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by Super User
on December 12, 2012
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Call us  or This email address is being protected from spambots. You need JavaScript enabled to view it. to learn more about GeoThermal Systems and how they can save you money! Office (817) 293-1160.

Use the constant temperatures of the earth’s crust to heat and cool your space! No need to burn fossil fuels! Geothermal works on a very simple principle: no matter what the air temperature is outside, under the surface of the earth, the temperature remains constant. Which means that during the summer, the earth is cooler than the outside air, and during the winter, the earth is warmer than the outside air. A geothermal system works like a heat pump but uses the earth’s constant temperatures to maintain the temperatures in your home or office. A geothermal system works by transferring heat into the ground, to depths of 6ft to 200-300ft, to disperse the heat and return it to the surface of the earth a much cooler and comfortable temperature. (alternatively warmer when the air temperature outside drops)


There are four types of geothermal pipe system configurations:
1)    Open Loop – Adjacent to an underground water reserve the water is then used as a heat transfer unit. Water wells are often used in open loop systems.
2)    Pond Loop – Located near a local lake or pond the heat is absorbed away through the cooling waters of the pond or lake.
3)    Horizontal Loop – Used for shallow pipe placement. Pipes extend out horizontally. Systems can be placed as shallow as 6ft in depth restricted areas. Soil as shallow as 6ft can be 20-40 degrees cooler than the air blowing just above it.  Alternatively the soil can be 20-40 degrees warmer in colder weather months.
4)    Vertical Loop – Used as a vertical transfer of heat deep into the earth where the temperatures are on average a constant 67 degrees F. This heat is then dispersed and cool air is brought to the surface. Alternatively when the temperature drops the soil continues to be the same temperature thus heating air that drops below that earth regulated temperature. (Soil temperatures vary slightly by region)

Applications
·      Residential
·      Multi-Family Residential/Apartments
·      Office
·      Industrial
·      Schools/Colleges
·      Retail Locations & Malls
 
New Builds
Imagine the overall savings a large facility can receive by installing a geothermal system. During construction a geothermal system can be an asset to the lifetime energy costs for a new facility. As a responsible builder all of us want to leave a smaller carbon footprint and that can be done with geothermal heating/cooling! Geothermal systems are clean and environmentally friendly. No fuel is consumed giving geothermal systems a huge advantage over gas furnaces.  These systems provide a constant flow of heated/cooled air every day of the year.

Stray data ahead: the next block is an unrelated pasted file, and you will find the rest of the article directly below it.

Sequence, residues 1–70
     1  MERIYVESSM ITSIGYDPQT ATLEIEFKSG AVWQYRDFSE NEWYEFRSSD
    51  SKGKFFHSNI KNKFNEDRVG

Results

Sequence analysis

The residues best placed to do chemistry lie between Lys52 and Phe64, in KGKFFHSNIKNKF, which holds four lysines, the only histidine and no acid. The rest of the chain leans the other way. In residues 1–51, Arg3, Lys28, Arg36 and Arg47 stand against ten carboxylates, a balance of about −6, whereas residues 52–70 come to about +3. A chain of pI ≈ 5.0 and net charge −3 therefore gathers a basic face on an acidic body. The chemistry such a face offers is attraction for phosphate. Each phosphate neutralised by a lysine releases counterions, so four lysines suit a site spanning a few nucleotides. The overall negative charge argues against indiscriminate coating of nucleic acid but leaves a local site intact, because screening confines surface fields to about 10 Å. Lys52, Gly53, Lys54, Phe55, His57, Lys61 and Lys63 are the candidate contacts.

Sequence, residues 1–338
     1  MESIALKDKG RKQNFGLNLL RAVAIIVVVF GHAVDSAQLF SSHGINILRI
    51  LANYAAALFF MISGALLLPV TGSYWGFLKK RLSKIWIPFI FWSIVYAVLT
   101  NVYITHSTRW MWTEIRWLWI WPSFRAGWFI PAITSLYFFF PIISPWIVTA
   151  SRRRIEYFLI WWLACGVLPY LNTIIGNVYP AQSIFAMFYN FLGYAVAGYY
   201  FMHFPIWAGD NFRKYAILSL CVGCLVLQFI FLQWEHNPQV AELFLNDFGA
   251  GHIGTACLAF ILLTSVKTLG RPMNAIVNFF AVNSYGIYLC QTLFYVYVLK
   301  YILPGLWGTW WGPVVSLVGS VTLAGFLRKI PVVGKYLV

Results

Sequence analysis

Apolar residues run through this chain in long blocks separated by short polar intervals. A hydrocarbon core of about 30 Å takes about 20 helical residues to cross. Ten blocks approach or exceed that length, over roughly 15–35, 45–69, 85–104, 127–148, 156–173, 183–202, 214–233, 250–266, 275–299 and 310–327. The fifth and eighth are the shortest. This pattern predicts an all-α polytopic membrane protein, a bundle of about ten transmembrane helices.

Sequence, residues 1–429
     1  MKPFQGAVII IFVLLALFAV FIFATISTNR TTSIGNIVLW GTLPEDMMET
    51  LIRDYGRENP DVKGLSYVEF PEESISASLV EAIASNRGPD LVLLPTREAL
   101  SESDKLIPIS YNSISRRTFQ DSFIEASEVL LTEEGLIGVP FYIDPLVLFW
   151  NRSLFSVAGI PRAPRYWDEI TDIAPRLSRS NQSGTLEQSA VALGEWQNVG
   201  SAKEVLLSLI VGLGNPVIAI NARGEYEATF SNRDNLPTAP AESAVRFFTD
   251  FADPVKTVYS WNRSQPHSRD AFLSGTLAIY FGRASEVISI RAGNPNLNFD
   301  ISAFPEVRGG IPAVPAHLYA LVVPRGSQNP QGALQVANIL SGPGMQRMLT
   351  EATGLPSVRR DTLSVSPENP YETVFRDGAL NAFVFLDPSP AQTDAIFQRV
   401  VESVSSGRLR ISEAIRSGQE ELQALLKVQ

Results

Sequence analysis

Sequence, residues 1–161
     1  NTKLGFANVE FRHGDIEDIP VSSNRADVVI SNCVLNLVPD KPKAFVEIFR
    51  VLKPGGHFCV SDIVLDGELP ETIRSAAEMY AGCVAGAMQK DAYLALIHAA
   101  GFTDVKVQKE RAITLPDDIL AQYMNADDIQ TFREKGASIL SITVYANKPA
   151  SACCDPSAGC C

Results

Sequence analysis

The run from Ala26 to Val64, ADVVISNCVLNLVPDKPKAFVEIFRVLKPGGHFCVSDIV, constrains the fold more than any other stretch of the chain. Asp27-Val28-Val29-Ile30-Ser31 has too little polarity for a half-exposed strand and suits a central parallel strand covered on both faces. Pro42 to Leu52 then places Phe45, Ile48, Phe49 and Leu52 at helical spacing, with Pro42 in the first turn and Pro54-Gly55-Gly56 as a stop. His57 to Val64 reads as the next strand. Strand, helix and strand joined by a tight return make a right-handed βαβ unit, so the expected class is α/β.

30% Federal Tax Credit
In addition to the savings a geothermal system can provide to your energy bill you may also apply for a 30% tax credit through 2016. Federal legislation beginning in 2008 has created opportunities for tax credits on energy efficient sources such as geothermal technologies.
“The Energy Improvement and Extension Act of 2008 (H.R. 1424) offers a tax credit of 30% to homeowners who install a geothermal (ground source heat pump) system on their property. The property must be residential property within the United States, but does not need to be the primary residence. The 30% tax credit counts toward the heat pump, ground loop, related equipment, and all labor costs including any other plumbing, wiring and/or ducting needed to make the system work. The system must meet or exceed current Energy Star requirements (all our systems are Energy Star), and be placed into service after December 31, 2007. The credit was initially capped at $2,000, but the American Recovery and Reinvestment Act of 2009 eliminated the cap. Now you can install a geothermal system and take full advantage of the 30% tax credit! This legislation is good for installations placed into service from January 1, 2009 through December 31, 2016.” www.trane.com
 

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